And yesterday’s nudge from one of my Instagram followers has focused my mind on when to aim for publication, and also to promoting my novel, because I am damn proud of it. I have a vision of it, a vision for it and it deserves to be read.

I have added my Instagram feed to my website – do take a look. It will give you a sense of the background to the plot. It will drop some hints, it will give you a photographic insight into how my characters are forced to live in their dystopian world. All the imagery is my own. Oh yes, and I’ve updated my ‘About’ info. It was more than time.

I will be using this platform, my website, to discuss my progress, my trials, my tribulations, my successes and will include some Anti-Virus inspired flash fiction and poetry along the way.

This is when I plan to publish

2021

Fancy joining me for the ride?

Understating the obvious

Well it’s been a while, hasn’t it?! Mind you, you should be used to my somewhat hit and miss offerings of late (ahem, over the past few years…).

Right now I can point towards ‘these unprecedented times’ as my reason (ermmm, excuse). As to my infrequent and erratic appearance during the months and years prior to ‘the current circumstances’, well your guess is as good as mine as to the reasons why. I’m sure there would be overlap, if we chose to compare notes.

One thing that the CoViD-19 pandemic (euphemisms are so over-rated) has does is put a big spanner in the works on the novel that I was editing. Given that its storyline is virus-related (sort of), I just couldn’t get my head in the correct space to continue editing.

I’m not worried about the possible criticism – oh, she used CoViD-19 as an easy inspiration – oh, it’s lazy writing – oh, why would I want to read that after the terrible things that have been happening – oh she is profiting out of others’ grief and misfortune – and so on. Whatever you write, you will always be criticised, there will always be someone who wants to tear you to shreds. And, really, profit? I’m under no illusion that making any kind of living out of writing isn’t guaranteed, especially not these days!

Don’t get me wrong, I am lucky to be able to work from home. I’m also a little less lucky because I have a condition which means I need to shield/self-isolate more than your average person. It’s fine. I’m employed, I can pay my bills, I’m not suffering. But, these changes in circumstance have been a challenge. For those of us not in terrible difficulties (and for that I thank my lucky stars, my ancestors, this good Earth, any heavenly body or otherwise who is listening), this enforced stay at home period has resulted in ups and downs.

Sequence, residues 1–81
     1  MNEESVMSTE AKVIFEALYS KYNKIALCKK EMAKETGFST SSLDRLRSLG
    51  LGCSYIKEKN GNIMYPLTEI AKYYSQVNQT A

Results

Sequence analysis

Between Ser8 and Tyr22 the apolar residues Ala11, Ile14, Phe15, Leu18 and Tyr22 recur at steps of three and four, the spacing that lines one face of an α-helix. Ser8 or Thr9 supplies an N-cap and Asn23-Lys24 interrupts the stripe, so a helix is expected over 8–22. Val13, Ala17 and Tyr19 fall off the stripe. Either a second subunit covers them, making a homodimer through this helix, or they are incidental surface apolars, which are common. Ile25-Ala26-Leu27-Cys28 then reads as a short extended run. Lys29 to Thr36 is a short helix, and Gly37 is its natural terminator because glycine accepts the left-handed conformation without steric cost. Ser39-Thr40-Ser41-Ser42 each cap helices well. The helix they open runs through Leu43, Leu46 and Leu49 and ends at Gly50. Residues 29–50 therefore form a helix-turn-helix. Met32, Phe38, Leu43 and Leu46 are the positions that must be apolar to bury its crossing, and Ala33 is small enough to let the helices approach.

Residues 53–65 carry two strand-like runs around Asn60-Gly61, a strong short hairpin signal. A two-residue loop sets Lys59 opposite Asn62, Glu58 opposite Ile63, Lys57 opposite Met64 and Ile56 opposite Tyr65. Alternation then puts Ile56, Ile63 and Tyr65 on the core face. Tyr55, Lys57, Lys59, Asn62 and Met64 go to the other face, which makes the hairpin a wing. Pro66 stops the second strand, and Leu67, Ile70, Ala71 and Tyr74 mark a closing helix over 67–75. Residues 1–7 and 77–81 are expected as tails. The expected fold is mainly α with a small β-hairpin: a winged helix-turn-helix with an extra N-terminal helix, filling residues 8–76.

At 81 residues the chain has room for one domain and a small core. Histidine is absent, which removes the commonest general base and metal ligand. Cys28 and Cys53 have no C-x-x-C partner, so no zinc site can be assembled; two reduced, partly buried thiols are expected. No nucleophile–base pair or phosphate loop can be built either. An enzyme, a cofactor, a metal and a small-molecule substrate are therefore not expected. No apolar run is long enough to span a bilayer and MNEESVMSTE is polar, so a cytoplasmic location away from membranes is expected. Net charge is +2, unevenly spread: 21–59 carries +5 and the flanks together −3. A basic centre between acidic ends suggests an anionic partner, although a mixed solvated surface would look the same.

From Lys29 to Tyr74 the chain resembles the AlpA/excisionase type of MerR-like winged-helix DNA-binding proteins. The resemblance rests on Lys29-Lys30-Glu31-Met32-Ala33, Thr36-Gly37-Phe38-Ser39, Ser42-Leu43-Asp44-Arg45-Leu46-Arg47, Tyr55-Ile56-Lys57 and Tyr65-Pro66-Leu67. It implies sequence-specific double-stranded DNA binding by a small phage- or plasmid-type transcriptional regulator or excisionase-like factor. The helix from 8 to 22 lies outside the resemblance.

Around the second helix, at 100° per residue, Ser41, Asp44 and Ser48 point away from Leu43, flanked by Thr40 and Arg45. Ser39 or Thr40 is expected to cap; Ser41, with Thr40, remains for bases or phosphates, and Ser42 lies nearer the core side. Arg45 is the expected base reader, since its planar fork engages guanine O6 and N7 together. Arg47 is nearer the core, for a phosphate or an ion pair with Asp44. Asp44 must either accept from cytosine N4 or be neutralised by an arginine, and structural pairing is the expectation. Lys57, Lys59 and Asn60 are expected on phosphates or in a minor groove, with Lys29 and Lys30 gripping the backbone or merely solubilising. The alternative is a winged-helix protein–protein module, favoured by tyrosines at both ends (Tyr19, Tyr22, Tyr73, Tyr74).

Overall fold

For me the downs meant a feeling of near-revulsion for my draft novel. Not because the plot is virus/pandemic related (all is not as it seems, if that’s not too much of a spoiler!), but just because my focus and concentration was suddenly directed elsewhere:

  • where to set up my home office (such as it is)
  • wondering how long before my eyes fell out from squinting at a laptop screen when I normally use two large desktop monitors in the office
  • how many times I would have to reset my printer to hook up with my home WiFi
  • how to set up my new work mobile phone
  • overcoming my revulsion for Skype/Zoom (I really do not like seeing my digital self)

The list could go on and on. I also felt guilty for allowing these, quite frankly, insignificant things to consume me when I could be in a much, much worse situation. Swear words were said, many, many times.

I’m only human. Like many, many others, I had to learn to adapt, to not keep beating myself with an imaginary stick for not making the most of my down-time by writing. But in truth, writing (or rather editing) felt like a bridge too far. Too much mental energy for the amount I had spare after all the work ‘stuff’ and the dark inability to tear myself away from the news as I ate my lunch or ‘relaxed’ after work.

Finally though, I had a breakthrough. Last night, unplanned, I managed to do some editing and amazingly resolved a plot problem that had been haunting me for a long, long time. I was quite surprised, to understate the obvious.

I’m not setting myself a goal for my next breakthrough. There is no deadline. Let’s face it, this novel has been a work in progress for several years, so the latest intermission won’t make much difference. I’m just thankful that I haven’t permanently lost my mojo.

It seems my writerly brain is alive and well, if a little peripatetic at the moment.

Stay safe everyone.